Multiple Same Choices

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Multiple Same Choices

Craig Carey-2
Lucien Saumur wrote:
>Steve Eppley writes:
>>Lucien wrote:
>          Or NOTR for None of the Rest.

Or NOTB for None of these Bums...  
I don't care which term is used.

>>>It may also indicate that no candidate is ranked.
>>I'm unclear on this.  Do you mean some are equally approved and the
>>rest are equally disapproved?
>          I mean that ballots would be produced indicating:
>                    NO CANDIDATE IS RANKED
>                    NO CANDIDATE IS ACCEPTABLE

That's what is meant by simply voting:  1=NOTB

>          Such ballots would be tallied by adding .5 vote
>to every count of the matrix and by adding zero to the
>acceptability count of every candidate.

Like I said, you can produce the same result by treating NOTB as just
another candidate in the matrix, simplifying the algorithm.  You
don't need a separate data structure for approval counts.  This is
just an implementation detail, though; what matters is what the
voters see.

>>>My system is also designed to tally the ballots. When candidates
>>>are not ranked (indicating equal preference) the related counts for
>>>both candidates are updated with half (1/2) a vote.
>>I haven't thought about this, but my guess is that whether you should
>>score equally ranked choices as .5 and .5, or 1 and 1, or 0 and 0,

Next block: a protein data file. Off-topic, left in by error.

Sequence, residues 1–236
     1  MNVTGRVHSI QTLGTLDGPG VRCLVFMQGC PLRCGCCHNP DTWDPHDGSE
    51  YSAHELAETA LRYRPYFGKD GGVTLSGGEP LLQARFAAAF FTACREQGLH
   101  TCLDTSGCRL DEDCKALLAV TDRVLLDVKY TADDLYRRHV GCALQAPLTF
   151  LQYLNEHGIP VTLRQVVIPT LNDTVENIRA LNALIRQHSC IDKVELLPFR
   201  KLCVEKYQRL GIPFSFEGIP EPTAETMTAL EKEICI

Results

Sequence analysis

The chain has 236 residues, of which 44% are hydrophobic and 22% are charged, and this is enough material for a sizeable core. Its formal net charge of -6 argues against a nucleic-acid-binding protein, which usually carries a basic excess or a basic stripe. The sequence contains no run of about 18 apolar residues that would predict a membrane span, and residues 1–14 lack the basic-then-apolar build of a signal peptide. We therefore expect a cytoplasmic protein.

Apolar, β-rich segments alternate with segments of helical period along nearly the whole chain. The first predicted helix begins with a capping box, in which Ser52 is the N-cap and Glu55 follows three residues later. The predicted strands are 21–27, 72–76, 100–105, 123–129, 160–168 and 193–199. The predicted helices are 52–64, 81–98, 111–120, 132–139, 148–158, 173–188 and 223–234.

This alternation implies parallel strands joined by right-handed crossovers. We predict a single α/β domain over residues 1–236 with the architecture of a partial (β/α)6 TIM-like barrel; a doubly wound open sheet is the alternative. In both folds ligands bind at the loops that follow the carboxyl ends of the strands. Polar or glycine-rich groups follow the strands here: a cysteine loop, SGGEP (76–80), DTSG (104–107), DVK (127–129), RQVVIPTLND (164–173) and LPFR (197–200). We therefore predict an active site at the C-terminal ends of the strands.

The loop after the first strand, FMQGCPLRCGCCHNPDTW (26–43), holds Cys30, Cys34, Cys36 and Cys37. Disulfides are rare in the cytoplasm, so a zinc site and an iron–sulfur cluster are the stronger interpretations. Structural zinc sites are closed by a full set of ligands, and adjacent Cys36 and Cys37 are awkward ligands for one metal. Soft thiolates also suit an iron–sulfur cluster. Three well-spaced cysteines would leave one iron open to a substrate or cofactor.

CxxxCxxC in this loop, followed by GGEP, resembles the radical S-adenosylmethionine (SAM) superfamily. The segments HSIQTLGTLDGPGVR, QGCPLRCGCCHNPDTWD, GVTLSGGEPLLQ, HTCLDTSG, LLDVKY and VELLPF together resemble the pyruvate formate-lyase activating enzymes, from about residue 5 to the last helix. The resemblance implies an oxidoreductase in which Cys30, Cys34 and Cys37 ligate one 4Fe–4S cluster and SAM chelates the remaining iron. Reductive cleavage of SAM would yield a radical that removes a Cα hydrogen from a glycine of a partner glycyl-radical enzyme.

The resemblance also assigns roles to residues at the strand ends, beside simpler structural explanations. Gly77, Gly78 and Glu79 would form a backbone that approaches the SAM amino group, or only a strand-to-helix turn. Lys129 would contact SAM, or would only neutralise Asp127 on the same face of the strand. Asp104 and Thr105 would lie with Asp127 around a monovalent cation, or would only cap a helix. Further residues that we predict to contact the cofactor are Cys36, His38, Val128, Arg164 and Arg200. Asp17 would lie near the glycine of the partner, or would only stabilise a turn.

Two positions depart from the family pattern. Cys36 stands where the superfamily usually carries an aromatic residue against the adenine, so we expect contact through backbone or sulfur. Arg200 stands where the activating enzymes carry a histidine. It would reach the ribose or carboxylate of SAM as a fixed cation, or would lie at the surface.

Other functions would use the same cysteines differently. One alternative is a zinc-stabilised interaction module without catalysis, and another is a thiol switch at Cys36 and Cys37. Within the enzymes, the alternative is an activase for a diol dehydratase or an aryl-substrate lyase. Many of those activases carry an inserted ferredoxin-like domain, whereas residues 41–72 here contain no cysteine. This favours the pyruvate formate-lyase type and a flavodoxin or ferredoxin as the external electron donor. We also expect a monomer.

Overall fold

>>depends on the choice of tie-breaking algorithm you plan on using.
>>It may not matter--is it possible to specify a sensible tie-breaking
>>method that doesn't care how the equal pairs are counted?
>          A tie means a tie and it may be broken most
>fairly by flipping a coin.

I meant a "Condorcet circular tie", in which no candidate beat all
the rest in the pairwise matchups.  We're not yet in a coin-flipping

The tie-breaking should probably look at how badly each candidate is
beaten overall.  If a voter ranks two choices equal, does that mean
each is unbeat or half-beat?  Using .5 means you think each is
half-beat.  (There was a message several days ago, from Rob or Mike
I think, on this question.  I'll have to go back and reread it.)

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Multiple Same Choices

Craig Carey-2
When a ballot ranks 2 or more candidates at the same rank position,
the voter isn't expressing any preference between them. If you rank
A & B equally, then you aren't one of the voters ranking A over B,
& you aren't one of the voters ranking B over A. So it wouldn't
be right to count you as saying A is 1/2 better than B, & B is 1/2
better than A. That isn't what you're saying.

Purely on principle, then, the voter should be able to decline to
express a preference between A & B, and should be able to not be
counted as expressing preference between them.


Aside from that, there's the results to consider. As Steve said,
it matters how circular ties are solved. There are circular tie
solutions that don't care whether we count that shared rank position
as no preference, or 2 equal & opposite preferences. Copeland's method
is one such. Another is Lucien's suggestion to solve circular ties

But Condorcet's method _does_ care which way we count shared rankings.
Condorcet counts votes-against. I've talked about why that's desirable,
in order to achieve what we want from a single-winner method. Do
you wanted to be counted against A & B both, because you didn't
vote for either over the other?


To summarize:

1. If you don't express a prefrence between A & B that means that
you should be counted as voting neither over the other. Counting
you as voting each over the other is both self-contradictory &
contrary to your expressed wishes.

2. Condorcet's method requires that voters not be counted as voting
a preference that they didn't vote. Its valuable properties depend
on that.